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Thursday, August 22, 2013

A Few Words on Gambling - Guest Post by Ashlyn Macnamara with GIVEAWAY!

I don’t know whether England possessed an official national sport during the Regency period, but I would argue if it did, that sport was gambling. The betting books in gentleman’s clubs such as White’s hold the evidence of wagers on anything from raindrop races to whether a certain couple might wed at the end of the season. They wagered on cock fights, horse races, and boxing matches. Even such seemingly staid venues as balls and Almack’s were incomplete without their card rooms—where entire fortunes might be won and lost.

The compulsion to lay a sporting wager or two wasn’t restricted to the men, either. No one thought anything of a lady sitting down to a respectable game of whist.

But the real gamblers haunted gaming hells. While White’s and Brook’s and Boodles all had card rooms, such clubs mainly served as an exclusive spot for men of the upper class to gather and discuss various issues of the day. Gaming hells were more like a casino, and they existed to relieve a man (or a woman, although I can’t imagine any respectable woman haunting such a place) of his blunt.

A time-traveller from our era might even recognize some of the games of the day. Played with dice, hazard was a forerunner of craps. The object of vingt-et-un was to see which player could come closest to twenty-one without going over—just like the game we call blackjack. Roulette has existed since the 18th century or earlier—physicist Blaise Pascal accidentally invented the roulette wheel in his search for a perpetual motion machine. Contract bridge traces its roots, in part, to a less complicated game called whist.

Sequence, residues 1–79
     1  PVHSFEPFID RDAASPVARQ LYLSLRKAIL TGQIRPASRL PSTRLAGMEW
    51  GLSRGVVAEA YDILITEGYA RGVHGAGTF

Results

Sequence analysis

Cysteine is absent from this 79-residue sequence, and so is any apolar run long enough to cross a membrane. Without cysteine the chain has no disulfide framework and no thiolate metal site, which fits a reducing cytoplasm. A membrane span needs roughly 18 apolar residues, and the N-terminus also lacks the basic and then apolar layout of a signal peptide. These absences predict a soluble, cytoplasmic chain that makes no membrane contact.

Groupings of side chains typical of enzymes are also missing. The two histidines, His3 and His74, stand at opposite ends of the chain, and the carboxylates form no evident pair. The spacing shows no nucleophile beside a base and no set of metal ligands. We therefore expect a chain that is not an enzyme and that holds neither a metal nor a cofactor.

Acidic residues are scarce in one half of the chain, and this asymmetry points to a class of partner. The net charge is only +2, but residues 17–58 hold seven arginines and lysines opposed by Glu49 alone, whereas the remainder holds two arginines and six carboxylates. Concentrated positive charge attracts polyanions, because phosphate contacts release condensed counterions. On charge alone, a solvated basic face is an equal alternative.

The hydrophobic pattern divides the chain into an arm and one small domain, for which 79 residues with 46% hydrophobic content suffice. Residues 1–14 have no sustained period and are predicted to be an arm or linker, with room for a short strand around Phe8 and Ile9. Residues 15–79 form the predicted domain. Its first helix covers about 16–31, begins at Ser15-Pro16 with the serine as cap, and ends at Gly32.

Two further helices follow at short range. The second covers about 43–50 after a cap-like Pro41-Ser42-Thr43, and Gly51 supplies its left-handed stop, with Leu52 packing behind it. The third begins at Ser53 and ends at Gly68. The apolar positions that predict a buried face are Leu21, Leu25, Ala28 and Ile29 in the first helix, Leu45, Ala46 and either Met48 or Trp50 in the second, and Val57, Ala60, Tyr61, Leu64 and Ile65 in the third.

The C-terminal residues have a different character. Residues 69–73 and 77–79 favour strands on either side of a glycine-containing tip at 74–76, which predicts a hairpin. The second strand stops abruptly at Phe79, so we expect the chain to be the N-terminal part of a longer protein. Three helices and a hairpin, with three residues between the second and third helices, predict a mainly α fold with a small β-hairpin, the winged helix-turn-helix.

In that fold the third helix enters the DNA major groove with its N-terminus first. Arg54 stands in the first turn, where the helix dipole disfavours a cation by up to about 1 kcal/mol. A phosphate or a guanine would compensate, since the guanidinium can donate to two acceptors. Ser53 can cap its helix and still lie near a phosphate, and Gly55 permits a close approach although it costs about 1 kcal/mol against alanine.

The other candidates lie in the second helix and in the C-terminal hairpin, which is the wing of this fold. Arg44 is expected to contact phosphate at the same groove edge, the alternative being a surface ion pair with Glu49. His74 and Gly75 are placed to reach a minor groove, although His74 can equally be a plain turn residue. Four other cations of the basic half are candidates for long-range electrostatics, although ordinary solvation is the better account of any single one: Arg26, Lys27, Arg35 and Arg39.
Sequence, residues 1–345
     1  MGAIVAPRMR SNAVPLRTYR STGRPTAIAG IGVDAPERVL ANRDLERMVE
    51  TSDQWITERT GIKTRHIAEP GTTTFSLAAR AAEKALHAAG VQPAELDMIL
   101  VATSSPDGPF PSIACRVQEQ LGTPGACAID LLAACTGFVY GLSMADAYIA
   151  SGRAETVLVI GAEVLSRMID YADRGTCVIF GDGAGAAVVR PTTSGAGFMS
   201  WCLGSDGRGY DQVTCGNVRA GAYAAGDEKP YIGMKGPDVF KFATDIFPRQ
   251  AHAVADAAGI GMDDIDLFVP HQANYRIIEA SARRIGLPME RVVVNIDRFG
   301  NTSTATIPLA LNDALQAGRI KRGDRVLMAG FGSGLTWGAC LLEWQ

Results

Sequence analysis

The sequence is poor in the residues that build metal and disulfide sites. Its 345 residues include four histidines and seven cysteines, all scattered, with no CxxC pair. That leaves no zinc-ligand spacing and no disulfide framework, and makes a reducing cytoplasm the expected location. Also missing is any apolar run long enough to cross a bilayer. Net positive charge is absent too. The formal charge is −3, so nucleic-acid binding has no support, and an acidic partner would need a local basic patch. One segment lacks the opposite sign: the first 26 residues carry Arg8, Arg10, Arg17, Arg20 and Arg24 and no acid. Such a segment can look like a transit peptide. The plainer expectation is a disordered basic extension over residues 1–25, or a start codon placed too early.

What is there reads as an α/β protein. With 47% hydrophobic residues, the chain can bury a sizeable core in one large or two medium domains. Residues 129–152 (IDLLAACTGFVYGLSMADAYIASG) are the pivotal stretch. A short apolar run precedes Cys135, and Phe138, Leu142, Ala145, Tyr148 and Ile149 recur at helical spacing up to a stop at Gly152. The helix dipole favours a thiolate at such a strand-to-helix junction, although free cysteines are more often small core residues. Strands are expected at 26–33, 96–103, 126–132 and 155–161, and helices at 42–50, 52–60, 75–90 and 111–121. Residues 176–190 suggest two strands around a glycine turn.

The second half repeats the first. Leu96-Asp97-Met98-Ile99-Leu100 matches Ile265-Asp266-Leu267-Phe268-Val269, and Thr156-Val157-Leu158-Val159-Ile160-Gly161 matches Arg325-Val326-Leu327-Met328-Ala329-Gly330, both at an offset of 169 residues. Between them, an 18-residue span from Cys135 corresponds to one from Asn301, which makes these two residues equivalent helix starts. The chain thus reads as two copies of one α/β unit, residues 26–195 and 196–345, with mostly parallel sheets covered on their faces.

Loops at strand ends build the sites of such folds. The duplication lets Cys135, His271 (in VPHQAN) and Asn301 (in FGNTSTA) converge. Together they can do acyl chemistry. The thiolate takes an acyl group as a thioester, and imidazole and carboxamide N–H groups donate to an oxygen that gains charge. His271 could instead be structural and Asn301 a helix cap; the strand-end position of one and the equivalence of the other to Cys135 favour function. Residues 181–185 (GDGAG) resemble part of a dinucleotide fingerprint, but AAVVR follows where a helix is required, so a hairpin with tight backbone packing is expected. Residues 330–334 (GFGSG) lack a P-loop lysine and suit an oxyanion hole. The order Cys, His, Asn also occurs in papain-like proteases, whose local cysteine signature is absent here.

One of the more famous of these establishments was Crockford’s. Founded in 1793 on St. James street among the other gentlemen’s clubs, its true raison d’être was to separate wealthy young bucks from their allowances. At its height, the club was the most famous gaming house in Europe in spite of—or perhaps due to—a reputation for boisterousness. The casino’s eponymous owner invented the principal that the house always wins, which allowed him to amass a vast personal fortune, enough to rise from his working class roots to own more than one home, including one in fashionable Mayfair.

And what of the poor members of the aristocracy he fleeced? A gentleman considered his markers debts of honor—and accordingly paid them off before he paid tradesmen such as his tailor.

Now you may ask yourself what any of this has to do with my upcoming release,  A Most Devilish Rogue. As you might imagine, a gentleman with roguish qualities might well find himself within a gaming establishment within the course of a story. He may even land himself in a spot of trouble. To find out how this comes about, you may want to read the book. Here is the blurb:

Years ago, when Isabelle Mears was still a young miss too infatuated to know better, she surrendered her innocence to a dishonorable man. Though ruined and cast out from society, she has worked hard to shelter her illegitimate son, Jack. Having sworn off men in her quiet but dignified life, Isabelle is unprepared for the deep longing that rips through her when a handsome stranger rescues her rambunctious six-year-old from the pounding ocean surf.